Skip to main content

Seminar Series: Absolutive Fabulous: Surprisingly Sensitive Sanskrit Suffixes

WTY Library 2-34A (Active Learning Classroom)
Speaker(s) / Presenter(s):
Dr. Tom Stewart (University of Louisville)

It seems perhaps unlikely that a language would maintain a single special alternative suffix, to be deployed just in case the word to be inflected has in its derivational history another particular kind of operation. Indeed such situations do arise, however, a notable case from Sanskrit being the gerund, also known as the indeclinable past participle, or the absolutive:

(1) General gerund formation:
√bhū- ‘be’: ger. bhūtvā ‘[after] having been’ or ‘[when X] had been’ (MacDonell [1927] 1986: 137)
√jñā- ‘know’: ger. jñātvā ‘[after] having known’ or ‘[when X] had known’
(Whitney [1885] 1945: 56)
√vac- ‘speak’: ger. uktvā ‘[after] having spoken’ or ‘[when X] had spoken’
(Gonda 1966: 78)

Specifically, the gerund form is created in the general case by suffixing -tvā to the so-called 'weak-grade' root. When the verb lexeme in question is the result of prefixing a(n etymological) preposition as a pre-verb (PV), by contrast, the formation of the gerund is systematically distinct, involving a potentially distinct stem and an unrelated -ya suffix instead:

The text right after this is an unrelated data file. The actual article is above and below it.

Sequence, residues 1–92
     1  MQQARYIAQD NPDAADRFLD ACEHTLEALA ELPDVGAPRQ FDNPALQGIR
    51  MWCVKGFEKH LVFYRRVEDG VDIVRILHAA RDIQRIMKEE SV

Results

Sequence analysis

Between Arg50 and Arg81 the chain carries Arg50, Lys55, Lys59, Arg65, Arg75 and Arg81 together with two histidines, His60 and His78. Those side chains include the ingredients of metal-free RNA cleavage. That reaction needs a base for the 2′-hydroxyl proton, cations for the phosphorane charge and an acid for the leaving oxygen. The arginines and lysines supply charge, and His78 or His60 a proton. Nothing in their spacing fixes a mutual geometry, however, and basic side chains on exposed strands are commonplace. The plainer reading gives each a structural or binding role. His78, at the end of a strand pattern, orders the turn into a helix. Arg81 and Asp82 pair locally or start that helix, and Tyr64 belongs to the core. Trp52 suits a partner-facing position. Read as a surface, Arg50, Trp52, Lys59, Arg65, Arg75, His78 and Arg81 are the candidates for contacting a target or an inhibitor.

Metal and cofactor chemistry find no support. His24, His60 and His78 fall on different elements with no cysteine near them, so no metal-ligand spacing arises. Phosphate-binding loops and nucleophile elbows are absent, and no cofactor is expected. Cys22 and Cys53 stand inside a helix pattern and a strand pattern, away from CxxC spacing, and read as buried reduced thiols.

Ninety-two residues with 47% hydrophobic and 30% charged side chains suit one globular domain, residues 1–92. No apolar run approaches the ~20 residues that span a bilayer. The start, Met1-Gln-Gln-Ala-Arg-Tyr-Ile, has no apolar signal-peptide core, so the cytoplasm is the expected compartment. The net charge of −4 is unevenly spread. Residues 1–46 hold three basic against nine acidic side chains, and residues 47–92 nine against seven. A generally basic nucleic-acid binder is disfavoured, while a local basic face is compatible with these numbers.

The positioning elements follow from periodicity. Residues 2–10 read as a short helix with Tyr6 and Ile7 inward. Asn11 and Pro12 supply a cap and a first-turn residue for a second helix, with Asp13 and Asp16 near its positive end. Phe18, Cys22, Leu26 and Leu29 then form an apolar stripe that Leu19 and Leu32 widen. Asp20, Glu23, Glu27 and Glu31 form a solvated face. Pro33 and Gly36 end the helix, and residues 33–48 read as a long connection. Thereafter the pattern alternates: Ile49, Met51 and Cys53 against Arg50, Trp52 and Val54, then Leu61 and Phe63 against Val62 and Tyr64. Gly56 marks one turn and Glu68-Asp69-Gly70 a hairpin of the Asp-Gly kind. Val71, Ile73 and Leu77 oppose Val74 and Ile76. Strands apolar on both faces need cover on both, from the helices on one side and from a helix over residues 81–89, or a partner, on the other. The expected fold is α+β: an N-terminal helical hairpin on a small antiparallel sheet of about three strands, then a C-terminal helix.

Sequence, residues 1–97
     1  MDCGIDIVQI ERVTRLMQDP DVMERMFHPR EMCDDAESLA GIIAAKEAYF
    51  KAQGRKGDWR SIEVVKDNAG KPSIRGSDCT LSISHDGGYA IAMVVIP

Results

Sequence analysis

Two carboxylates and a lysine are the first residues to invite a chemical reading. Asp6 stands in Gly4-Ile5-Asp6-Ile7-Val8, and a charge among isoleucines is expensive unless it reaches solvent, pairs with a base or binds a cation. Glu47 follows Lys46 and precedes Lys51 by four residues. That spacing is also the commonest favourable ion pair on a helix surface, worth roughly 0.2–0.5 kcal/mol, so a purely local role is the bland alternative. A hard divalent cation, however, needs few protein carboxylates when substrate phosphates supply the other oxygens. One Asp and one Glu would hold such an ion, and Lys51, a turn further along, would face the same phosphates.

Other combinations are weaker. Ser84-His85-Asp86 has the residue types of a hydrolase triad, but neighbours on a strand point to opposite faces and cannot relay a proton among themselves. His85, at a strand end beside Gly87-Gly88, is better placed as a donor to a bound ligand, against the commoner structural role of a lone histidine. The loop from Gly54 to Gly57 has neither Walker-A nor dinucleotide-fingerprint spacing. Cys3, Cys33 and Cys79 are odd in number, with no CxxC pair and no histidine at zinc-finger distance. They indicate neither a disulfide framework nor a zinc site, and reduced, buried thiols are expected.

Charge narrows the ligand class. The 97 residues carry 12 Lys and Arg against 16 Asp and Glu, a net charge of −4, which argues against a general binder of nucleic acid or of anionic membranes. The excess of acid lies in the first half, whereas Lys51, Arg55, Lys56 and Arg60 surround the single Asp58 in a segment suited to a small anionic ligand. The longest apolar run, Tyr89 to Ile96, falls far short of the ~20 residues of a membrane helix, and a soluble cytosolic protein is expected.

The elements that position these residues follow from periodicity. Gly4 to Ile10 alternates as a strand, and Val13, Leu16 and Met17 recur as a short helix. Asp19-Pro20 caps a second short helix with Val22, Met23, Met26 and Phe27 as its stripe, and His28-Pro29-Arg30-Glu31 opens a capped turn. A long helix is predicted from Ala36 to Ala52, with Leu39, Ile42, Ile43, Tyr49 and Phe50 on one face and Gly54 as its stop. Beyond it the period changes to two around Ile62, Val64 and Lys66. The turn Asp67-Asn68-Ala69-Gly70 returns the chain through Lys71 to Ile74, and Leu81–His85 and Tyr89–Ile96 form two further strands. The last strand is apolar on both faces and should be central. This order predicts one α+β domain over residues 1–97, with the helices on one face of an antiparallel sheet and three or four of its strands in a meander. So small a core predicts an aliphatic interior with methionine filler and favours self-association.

(2) PV-prefixed gerund formation:
ger. nipatya ‘having fallen down’ (ni- ‘down, into’; compare √pat- ‘fall, fly’: ger. patitvā)
(Mayrhofer [1964] 1972: 103; Whitney [1885] 1945: 94)
ger. vimucya ‘having freed’ (vi- ‘apart’; compare √muc- ‘release’: ger. muktvā)
(Gonda 1966: 78; Whitney [1885] 1945: 122)
ger. pratyāgatya ‘having returned’ (prati- ‘reverse, back’; ā- ‘(un)to, at’; √gam- ‘go’: ger. gatvā) (Deshpande 2003: 122, 428; Whitney [1885] 1945: 34)

This choice among suffixes seems to depend on the presence or absence of a non-adjacent morphological boundary, and as such, the phenomenon's status between derivation and inflection, between regular and irregular, will inevitably force morphological theories into some potentially uncomfortable positions.

Of course, some frameworks are simply not up to the task, straining to minimize its theoretical significance, or playing fast and loose with fragmented stipulations that cover the facts, but miss the generalization(s). Rather than crowning one framework as uniquely suited to the descriptive task, however, the very process of rotating through the lenses of diverse morphological frameworks presents a clearer, and indeed more coherent picture of the Sanskrit gerund than any single approach can.